An Active-Power Load-Sharing Controller for Frequency Regulation in Inverter-Based Microgrids
PhD student Madi Zholbaryssov with adviser A. Dominguez-Garcia
We propose a generation control strategy for lossless microgrids with inverter-interfaced generators. In particular, we address the problem of obtaining a desired active-power load sharing while regulating the frequency to some nominal value. The proposed control strategy is based on the slow readjustment of the active power reference of each inverter, i.e., each inverter aims to track a slowly-varying reference that is set sufficiently close to the actual active power injection and, thus, is easy to track. The control enforces the phase trajectory to satisfy the so-called “phase cohesiveness property,” which is essential for achieving the desired active power load sharing, while ensuring the system remains stable at all times. Even when large load perturbations initially set the actual active power injections far from the desired references, we proved that the proposed controller always achieves tracking if the initial injections and the references strictly satisfy the phase synchronization condition. We found an upper bound for the time of convergence to this reference within a small error bound.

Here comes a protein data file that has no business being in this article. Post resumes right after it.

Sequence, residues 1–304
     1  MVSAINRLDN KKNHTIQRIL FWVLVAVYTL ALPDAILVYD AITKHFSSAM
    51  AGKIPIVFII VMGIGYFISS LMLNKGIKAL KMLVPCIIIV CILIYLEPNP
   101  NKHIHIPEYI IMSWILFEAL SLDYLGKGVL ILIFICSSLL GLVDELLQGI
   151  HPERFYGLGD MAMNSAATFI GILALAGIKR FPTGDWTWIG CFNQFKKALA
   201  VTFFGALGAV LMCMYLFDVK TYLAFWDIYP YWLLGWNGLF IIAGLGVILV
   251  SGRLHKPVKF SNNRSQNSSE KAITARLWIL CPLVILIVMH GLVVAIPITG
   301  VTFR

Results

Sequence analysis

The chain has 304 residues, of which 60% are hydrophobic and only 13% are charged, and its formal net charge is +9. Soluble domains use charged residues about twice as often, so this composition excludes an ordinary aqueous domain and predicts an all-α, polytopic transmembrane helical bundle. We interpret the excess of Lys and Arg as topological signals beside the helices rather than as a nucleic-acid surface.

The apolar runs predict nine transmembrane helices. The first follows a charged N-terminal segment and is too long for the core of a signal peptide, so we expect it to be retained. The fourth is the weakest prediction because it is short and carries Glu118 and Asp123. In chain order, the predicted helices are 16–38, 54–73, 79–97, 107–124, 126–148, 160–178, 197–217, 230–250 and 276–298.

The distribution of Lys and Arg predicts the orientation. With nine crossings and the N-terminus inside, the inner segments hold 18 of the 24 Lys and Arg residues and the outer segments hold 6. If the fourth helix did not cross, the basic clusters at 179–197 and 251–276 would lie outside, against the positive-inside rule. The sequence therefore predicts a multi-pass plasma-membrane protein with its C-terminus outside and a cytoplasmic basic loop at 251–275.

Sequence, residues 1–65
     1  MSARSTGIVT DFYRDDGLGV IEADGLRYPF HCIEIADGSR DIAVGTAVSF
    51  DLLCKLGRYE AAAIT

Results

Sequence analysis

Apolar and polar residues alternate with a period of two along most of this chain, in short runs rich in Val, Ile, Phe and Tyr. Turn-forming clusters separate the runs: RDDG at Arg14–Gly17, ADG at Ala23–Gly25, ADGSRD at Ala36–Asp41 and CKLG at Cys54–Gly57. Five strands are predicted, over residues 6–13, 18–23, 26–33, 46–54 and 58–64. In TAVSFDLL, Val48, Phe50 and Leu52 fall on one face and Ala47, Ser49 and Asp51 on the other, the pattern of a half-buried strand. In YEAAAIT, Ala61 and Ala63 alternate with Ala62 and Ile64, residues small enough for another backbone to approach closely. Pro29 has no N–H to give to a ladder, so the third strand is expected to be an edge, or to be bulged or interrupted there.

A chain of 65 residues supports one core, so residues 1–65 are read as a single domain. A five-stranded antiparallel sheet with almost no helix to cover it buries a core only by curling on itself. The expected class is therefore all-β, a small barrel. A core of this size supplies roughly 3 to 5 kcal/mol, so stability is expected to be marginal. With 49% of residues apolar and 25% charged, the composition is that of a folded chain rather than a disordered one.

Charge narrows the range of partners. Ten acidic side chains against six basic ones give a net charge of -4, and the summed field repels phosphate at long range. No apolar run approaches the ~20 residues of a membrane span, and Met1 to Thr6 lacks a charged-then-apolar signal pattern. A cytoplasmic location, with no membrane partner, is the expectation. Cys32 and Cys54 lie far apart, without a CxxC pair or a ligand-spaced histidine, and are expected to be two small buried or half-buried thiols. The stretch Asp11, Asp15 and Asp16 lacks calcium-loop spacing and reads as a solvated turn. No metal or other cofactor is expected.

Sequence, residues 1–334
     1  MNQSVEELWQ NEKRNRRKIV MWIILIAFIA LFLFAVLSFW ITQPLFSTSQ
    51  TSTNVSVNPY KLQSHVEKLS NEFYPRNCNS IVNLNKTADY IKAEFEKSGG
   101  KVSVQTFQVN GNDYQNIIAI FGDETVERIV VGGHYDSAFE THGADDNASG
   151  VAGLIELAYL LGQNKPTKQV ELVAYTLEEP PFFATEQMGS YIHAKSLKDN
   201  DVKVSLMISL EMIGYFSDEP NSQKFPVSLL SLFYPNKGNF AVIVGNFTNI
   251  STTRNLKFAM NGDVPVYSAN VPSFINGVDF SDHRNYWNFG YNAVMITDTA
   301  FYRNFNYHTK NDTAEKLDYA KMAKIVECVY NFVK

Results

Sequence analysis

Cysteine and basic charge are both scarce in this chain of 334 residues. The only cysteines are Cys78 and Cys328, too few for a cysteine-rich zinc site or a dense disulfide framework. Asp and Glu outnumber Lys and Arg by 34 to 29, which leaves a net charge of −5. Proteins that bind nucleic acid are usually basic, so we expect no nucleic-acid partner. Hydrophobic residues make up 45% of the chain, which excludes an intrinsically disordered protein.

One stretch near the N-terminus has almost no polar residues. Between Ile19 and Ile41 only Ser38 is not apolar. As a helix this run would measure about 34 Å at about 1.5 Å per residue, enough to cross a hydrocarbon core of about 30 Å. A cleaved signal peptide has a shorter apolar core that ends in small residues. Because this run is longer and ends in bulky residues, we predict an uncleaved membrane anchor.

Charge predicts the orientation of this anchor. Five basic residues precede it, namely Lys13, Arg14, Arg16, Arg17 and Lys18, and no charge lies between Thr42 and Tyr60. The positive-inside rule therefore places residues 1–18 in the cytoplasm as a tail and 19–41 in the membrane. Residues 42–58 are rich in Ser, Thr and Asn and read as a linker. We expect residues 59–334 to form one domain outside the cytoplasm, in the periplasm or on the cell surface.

Consider a 9-bus microgrid, the topology of which is shown in Fig. 1. Nodes 1, 2, and 3 correspond to inverters, with the remaining nodes corresponding to loads. Figure 2 shows the performance of the proposed control strategy for large load perturbations which initially set the actual active power electrical injections into the network far from the desired references. By executing the proposed controller, we are able to achieve active power load sharing and regulate the frequency to the desired frequency value of 60 Hz. This work is funded by the National Science Foundation under grant ECCS-CPS-1135598.